- The first Alpha and Omega film is different from its sequels in four ways. The first is that it is the only film released in theaters; meanwhile, the rest are Direct-to-DVD. Secondly, Kate and Humphrey's pups, who are the stars of the sequels, are absent, since this film shows how their parents met and fell in love. Third, the animation quality is higher. Lastly, the first film's animals are less anthropomorphized than in the sequels.
- Despicable Me: The soundtrack features a song called Minion Mambo that's credited as being sung by The Minions. However, instead of Pierre Coffin doing the voice of the Minions, they're voiced by Lupe Fiasco (with his voice being sped-up) and they're speaking English instead of Minionese. The song also has a verse that says "we don't die, we multiply", something that has been disproven in later entries.
- DreamWorks Animation:
- Amongst their first films, The Prince of Egypt, The Road to El Dorado, Spirit: Stallion of the Cimarron and Sinbad: Legend of the Seven Seas were traditionally animated instead of the now-omnipresent CGI. Also, Prince and Spirit were serious dramas, and Road and Sinbad were adventure films that contained many comedic elements, both in stark comparison to the zaniness the studio developed by Shrek (even if later franchises like Kung Fu Panda and How to Train Your Dragon showed that they could still be a little more serious when called for).
- On the CGI side of the library, their very first release, Antz is clearly aimed more towards older audiences, featuring mature themes, and petty swearing, among other things, while later DWA films are clearly aimed toward family audiences.
- Ice Age:
- The first film featured humans and portrayed all of the animal characters more realistically (they usually walked like actual animals and could not speak to humankind). In the sequels however, the tone turned Lighter and Softer, all of the humans are written out of existence, and all of the animals are now the main inhabitants of the world.
- The original movie had David Newman to compose the score, while John Powell composed the score for all the sequels (until John Debney replaced him for the 5th installment). As a result, this makes the original movie's soundtrack stick out from the sequels like a sore thumb.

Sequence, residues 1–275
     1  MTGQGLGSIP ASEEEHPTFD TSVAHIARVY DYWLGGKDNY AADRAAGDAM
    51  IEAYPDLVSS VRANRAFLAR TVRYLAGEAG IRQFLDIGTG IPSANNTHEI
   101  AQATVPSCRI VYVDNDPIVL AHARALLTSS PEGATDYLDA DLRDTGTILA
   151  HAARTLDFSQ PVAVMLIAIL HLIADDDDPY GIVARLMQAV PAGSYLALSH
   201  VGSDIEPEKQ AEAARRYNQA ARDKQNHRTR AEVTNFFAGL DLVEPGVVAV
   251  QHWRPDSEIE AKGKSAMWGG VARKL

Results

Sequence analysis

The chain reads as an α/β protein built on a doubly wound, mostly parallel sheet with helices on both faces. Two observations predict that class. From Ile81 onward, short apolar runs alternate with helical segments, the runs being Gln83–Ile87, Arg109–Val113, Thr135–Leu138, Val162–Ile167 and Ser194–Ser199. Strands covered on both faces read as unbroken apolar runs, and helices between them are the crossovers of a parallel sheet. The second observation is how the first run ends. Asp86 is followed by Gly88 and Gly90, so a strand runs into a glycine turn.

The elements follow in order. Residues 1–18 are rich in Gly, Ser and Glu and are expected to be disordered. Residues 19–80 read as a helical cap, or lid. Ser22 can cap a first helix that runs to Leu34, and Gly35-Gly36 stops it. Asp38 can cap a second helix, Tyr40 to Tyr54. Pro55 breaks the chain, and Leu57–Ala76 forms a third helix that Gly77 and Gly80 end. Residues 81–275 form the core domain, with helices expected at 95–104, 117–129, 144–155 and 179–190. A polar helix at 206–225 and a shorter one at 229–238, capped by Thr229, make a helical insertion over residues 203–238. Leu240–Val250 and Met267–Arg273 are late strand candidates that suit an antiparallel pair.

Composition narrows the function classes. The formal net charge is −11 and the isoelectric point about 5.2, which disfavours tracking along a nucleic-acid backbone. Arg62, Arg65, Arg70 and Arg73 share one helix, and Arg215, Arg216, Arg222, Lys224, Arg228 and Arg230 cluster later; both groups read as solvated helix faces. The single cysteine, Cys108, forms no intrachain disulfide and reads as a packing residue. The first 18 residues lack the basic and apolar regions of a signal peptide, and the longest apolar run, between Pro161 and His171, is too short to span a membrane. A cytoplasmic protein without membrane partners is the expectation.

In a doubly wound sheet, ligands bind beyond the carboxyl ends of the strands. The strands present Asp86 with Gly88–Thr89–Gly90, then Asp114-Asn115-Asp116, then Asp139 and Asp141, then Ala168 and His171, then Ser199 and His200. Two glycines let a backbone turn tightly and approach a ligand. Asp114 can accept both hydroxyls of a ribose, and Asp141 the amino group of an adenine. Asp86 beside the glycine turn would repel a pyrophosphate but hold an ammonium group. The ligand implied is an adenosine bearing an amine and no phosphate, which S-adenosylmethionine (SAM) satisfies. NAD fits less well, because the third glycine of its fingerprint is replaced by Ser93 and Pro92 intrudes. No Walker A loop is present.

- The first film in The Land Before Time series is the only one that is not a musical, and it has significantly higher animation quality and a much darker tone. Also, hadrosaurs are called "bigmouths" instead of "swimmers".
- In the first film, Melman the giraffe is slightly less neurotic than he is in later installments. He also speaks with a slight Brooklyn accent, and in some scenes even shows hints of a Brooklyn attitude.
- The three penguins that aren't Skipper are clearly different from each other in the first film, but as a whole act more as goofy slapstick secret agent parodies. It wasn't until the second film that their personalities started to get fleshed out more.
- The first film had a dramatic moment near the end, but overall focused much more heavily on fast-paced humor and pop culture references than the (somewhat) more emotional later films. Also, it takes place in Madagascar.
- The characters' movements were much stiffer and bouncy than the latter films which have more fluid and smoother movements. It was also slower paced and felt like a bunch of related shorts put together instead of a consistent plot.
- Shrek: The first film had more adult humour and was much more satire-based (with Lord Farquaad looking like then-Disney CEO Micheal Eisner). Also, since they weren't created at the time, it was the only instalment where neither Puss in Boots nor Far Far Away appear.
- Snow White and the Seven Dwarfs has a couple compared to the rest of the Disney Animated Canon: